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Navy Looks To The Seas For Fueling The Fleet
2012-09-24 15:36:37

Refueling U.S. Navy vessels, at sea and underway, is a costly endeavor in terms of logistics, time, fiscal constraints and threats to national security and sailors at sea. In Fiscal Year 2011, the U.S. Navy Military Sea Lift Command, the primary supplier of fuel and oil to the U.S. Navy fleet, delivered nearly 600 million gallons of fuel to Navy vessels underway, operating 15 fleet replenishment oilers around the globe. From Seawater to CO2 Scientists at the U.S. Naval Research...

2012-09-19 16:37:14

Carbon dioxide (CO2) released into the oceans as a result of water pollution by nutrients – a major source of this greenhouse gas that gets little public attention – is enhancing the unwanted changes in ocean acidity due to atmospheric increases in CO2. The changes may already be impacting commercial fish and shellfish populations, according to new data and model predictions published today in ACS's journal, Environmental Science & Technology. William G. Sunda and Wei-Jun...

2012-02-27 05:50:54

Seawater circulation pumps hydrogen and boron into the oceanic plates that make up the seafloor, and some of this seawater remains trapped as the plates descend into the mantle at areas called subduction zones. By analyzing samples of submarine volcanic glass near one of these areas, scientists found unexpected changes in isotopes of hydrogen and boron from the deep mantle. They expected to see the isotope "fingerprint" of seawater. But in volcanoes from the Manus Basin they also discovered...

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2011-08-05 11:47:54

The need for fresh water is expanding every day and over one-third of the world's population currently inhabit areas struggling to keep up with the demand for water. Researchers estimate that by 2025, that number will nearly double. Digging deeper or pumping water from further upstream in the water table is only a short-term solution that often leads to disputes between countries and water conservation and reuse projects have only limited effectiveness. A new study from Yale University and...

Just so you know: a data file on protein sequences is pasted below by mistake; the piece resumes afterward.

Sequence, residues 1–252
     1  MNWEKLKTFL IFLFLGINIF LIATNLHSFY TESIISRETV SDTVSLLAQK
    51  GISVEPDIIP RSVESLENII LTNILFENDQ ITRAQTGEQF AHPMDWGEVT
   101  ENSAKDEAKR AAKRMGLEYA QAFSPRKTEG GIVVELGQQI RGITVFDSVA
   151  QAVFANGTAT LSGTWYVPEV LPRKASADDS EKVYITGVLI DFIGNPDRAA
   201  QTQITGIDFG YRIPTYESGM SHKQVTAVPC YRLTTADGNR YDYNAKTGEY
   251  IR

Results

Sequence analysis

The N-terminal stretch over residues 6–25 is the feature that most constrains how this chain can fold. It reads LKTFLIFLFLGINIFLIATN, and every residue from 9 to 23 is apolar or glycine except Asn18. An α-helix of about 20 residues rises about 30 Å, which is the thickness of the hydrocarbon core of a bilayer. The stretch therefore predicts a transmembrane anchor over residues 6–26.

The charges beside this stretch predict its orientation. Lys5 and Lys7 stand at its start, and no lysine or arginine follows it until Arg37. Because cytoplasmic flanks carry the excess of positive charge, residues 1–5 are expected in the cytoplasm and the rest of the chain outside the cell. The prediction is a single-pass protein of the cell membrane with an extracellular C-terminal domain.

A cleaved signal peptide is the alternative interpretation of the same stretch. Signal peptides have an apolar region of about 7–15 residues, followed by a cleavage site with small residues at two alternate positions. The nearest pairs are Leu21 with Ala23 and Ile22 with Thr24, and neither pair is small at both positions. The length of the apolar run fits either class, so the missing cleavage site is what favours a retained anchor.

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2011-06-03 08:40:00

Salt is essential to human life. Most people don't know, however, that salt -- in a form nearly the same as the simple table variety -- is just as essential to Earth's ocean, serving as a critical driver of key ocean processes. While ancient Greek soothsayers believed they could foretell the future by reading the patterns in sprinkled salt, today's scientists have learned that they can indeed harness this invaluable mineral to foresee the future -- of Earth's climate. The oracles of modern...

2011-06-01 12:54:19

In this month's Physics World, Jason Reese, Weir Professor of Thermodynamics and Fluid Mechanics at the University of Strathclyde, describes the role that carbon nanotubes (CNTs) could play in the desalination of water, providing a possible solution to the problem of the world's ever-growing population demanding more and more fresh drinking water. Global population projections suggest that worldwide demand for water will increase by a third before 2030. But with more than a billion people...

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2011-05-12 06:50:00

When NASA's salt-seeking Aquarius instrument ascends to the heavens this June, the moon above its launch site at California's Vandenberg Air Force Base won't be in the seventh house, and Jupiter's latest alignment with Mars will be weeks in the past, in contrast to the lyrics of the song from the popular Broadway musical "Hair." Yet for the science team eagerly awaiting Aquarius' ocean surface salinity data, the dawning of NASA's "Age of Aquarius" promises revelations on how salinity is...

2010-03-08 12:57:39

Acantharian cyst sedimentation Spore-like reproductive cysts of enigmatic organisms called acantharians rapidly sink from surface waters to the deep ocean in certain regions, according to new research. Scientists suspect that this is part of an extraordinary reproductive strategy, which allows juveniles to exploit a seasonal food bonanza. The research shows that deep sedimentation of cysts during the spring delivers significant amounts of organic matter to the ocean depths, providing a...

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2010-02-05 13:56:54

The chemical composition of our oceans is not constant but has varied significantly over geological time. In a study published this week in Science, researchers describe a novel method for reconstructing past ocean chemistry using calcium carbonate veins that precipitate from seawater-derived fluids in rocks beneath the seafloor. The research was led by scientists from the University of Southampton's School of Ocean and Earth Science (SOES) hosted at the National Oceanography Centre,...


Word of the Day
vermicular
  • Like a worm in form or movement; vermiform; tortuous or sinuous; also, writhing or wriggling.
  • Like the track or trace of a worm; appearing as if worm-eaten; vermiculate.
  • Marked with fine, close-set, wavy or tortuous lines of color; vermiculated.
  • A form of rusticated masonry which is so wrought as to appear thickly indented with worm-tracks.
This word ultimately comes from the Latin 'vermis,' worm.
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